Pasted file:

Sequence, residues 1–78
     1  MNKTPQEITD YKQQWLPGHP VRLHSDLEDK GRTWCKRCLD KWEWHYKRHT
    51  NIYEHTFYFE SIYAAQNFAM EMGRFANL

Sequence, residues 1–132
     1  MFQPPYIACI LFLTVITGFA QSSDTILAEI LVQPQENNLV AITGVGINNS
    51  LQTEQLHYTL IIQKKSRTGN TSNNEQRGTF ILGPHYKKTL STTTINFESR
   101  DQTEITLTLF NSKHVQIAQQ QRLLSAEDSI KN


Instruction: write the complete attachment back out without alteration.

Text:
Sequence, residues 1–78
     1  MNKTPQEITD YKQQWLPGHP VRLHSDLEDK GRTWCKRCLD KWEWHYKRHT
    51  NIYEHTFYFE SIYAAQNFAM EMGRFANL

Sequence, residues 1–132
     1  MFQPPYIACI LFLTVITGFA QSSDTILAEI LVQPQENNLV AITGVGINNS
    51  LQTEQLHYTL IIQKKSRTGN TSNNEQRGTF ILGPHYKKTL STTTINFESR
   101  DQTEITLTLF NSKHVQIAQQ QRLLSAEDSI KN